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What to Look for in a Puffy Jacket

A puffy down jacket is an essential piece of gear in any outdoor arsenal.

patagonia micro puff jacket
Joe Tornatzky

A puffy down jacket is an essential piece of gear in any outdoor arsenal. But details about materials, weight and other specifications can make choosing the right jacket a dizzying prospect. Here are the most important details you need to know when you’re picking a puffer.

Natural vs Synthetic Down

Natural down insulation is made from the soft, warm and light feathers a duck or goose has under its exterior coat. Synthetic down jackets emulate this, usually with strands of polyester, for a warm but slightly heavier end result. Synthetic down boasts advantages in durability and water resistance that can outweigh the downsides if you don’t care about a few ounces here and there.

Fill Power

Fill power is a measure of how efficient natural down is. The higher the fill power, the more air the down can trap per ounce of weight. Premium goose down can reach a fill power of up to 900fp, while duck only gets to 800fp. Synthetic down’s warmth is measured not by fill power, but by weight in grams. Typical synthetic jackets fall between 50 and 130 grams of fill; the more, the heavier, the warmer. But unlike natural down, you can’t easily compare one formulation of synthetic down to another.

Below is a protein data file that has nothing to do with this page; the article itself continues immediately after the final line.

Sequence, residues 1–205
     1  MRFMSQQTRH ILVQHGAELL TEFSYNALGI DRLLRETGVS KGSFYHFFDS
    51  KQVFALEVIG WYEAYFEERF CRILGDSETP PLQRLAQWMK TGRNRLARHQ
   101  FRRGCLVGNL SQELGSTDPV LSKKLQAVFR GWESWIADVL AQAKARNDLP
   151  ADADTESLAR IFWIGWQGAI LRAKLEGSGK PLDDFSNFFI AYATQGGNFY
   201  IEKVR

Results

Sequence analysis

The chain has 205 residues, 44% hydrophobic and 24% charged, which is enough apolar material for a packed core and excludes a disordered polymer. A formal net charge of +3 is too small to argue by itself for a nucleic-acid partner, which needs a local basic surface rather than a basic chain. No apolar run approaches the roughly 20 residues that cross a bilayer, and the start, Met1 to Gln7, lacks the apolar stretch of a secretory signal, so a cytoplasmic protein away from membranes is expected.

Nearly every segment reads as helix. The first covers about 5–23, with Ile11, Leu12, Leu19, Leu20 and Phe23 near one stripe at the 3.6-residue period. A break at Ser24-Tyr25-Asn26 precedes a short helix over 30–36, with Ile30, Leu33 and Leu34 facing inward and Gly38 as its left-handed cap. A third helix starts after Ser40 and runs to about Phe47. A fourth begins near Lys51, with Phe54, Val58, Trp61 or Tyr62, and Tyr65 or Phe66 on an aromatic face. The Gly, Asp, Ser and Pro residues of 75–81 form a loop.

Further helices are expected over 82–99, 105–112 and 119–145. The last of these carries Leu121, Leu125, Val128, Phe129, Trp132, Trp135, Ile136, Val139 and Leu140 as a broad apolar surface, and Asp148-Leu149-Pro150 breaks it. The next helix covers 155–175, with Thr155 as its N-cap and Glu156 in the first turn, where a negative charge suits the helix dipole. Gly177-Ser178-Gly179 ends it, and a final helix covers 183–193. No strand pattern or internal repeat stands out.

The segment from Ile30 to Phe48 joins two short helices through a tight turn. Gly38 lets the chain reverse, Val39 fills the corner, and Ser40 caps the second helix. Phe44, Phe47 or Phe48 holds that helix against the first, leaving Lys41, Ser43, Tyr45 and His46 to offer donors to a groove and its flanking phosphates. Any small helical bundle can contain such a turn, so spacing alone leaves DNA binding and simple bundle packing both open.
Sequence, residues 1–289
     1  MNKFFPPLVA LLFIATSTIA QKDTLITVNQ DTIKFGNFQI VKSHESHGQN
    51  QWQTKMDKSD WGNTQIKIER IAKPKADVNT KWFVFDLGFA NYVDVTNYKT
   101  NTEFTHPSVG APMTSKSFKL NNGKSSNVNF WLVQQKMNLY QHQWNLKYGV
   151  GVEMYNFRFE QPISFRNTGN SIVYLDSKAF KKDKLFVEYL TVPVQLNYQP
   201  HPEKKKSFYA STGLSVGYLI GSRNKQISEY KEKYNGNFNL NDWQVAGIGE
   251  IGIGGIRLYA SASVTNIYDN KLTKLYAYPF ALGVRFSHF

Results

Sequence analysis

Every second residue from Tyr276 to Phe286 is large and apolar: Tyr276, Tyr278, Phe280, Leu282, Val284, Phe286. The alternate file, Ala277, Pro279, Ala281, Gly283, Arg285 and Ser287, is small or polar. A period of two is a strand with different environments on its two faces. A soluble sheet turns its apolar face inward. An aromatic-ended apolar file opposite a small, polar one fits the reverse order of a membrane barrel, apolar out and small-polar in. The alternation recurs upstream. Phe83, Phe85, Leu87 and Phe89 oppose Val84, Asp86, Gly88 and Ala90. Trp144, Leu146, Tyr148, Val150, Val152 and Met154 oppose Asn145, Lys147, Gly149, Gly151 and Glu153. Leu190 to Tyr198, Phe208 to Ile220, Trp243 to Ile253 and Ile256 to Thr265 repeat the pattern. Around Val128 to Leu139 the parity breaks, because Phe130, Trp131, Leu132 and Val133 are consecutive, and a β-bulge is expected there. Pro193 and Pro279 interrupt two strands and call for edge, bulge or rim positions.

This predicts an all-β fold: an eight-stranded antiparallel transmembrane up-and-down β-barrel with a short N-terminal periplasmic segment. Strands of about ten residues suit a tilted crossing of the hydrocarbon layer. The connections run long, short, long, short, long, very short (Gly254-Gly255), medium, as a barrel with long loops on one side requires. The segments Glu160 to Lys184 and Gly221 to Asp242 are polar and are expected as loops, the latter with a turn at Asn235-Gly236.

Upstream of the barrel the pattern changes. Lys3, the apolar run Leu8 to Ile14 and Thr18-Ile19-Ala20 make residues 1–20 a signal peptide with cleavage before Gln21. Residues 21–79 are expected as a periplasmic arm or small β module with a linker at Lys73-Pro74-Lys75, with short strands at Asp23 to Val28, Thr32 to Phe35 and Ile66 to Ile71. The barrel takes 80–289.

An RDS (Responsible Down Standard) badge applies to natural down and signifies certain animal care standards along the jacket’s supply chain—among them, no live plucking and no force feeding. Jackets with Bluesign certification, meanwhile, meet various standards prohibiting the use of hazardous chemicals and minimizing emissions during production.


The average weight of a down jacket is between 8 ounces and a pound. That is to say, from slightly heavier than a typical windbreaker, to about half the weight of a leather jacket or peacoat. Synthetic fill jackets tend to run a few ounces heavier for comparable warmth. A good benchmark for weight for an everyday jacket is between 10 and 20 ounces.


Down performs poorly when wet, so jackets need an outer fabric made of nylon or polyester, which are durable, strong and lightweight. Nylon is stronger and stretchier, while polyester is slightly more abrasion-resistant. With either fabric, look for water-repellent treatments like DWR. Some activewear-oriented styles will also feature spandex to help maintain flexibility and stretch. Synthetic down stays warmer when wet, but you’ll still want water-repellent coating.


A down jacket can cost anywhere from $99 to $400. Synthetic coats run the same range. You may balk at the notion of a jacket that costs as much as a beginner bike, but top-tier jackets are designed for the harshest of alpine environments where durability is essential and every ounce is a burden.

For a daily driver, err on the side of budget options. If you’re looking for a daily driver that will keep you warm on hikes, bike rides, camping or a walk to the store, the more affordable offerings will treat you well.

Nano Puff® Hoody

Patagonia patagonia.com
Filling PlumaFill synthetic insulation
Fabric NetPlus (recycled fishing nets)
Weight 9 ounces
Certification Fair Trade Certified
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Matthew Stacey

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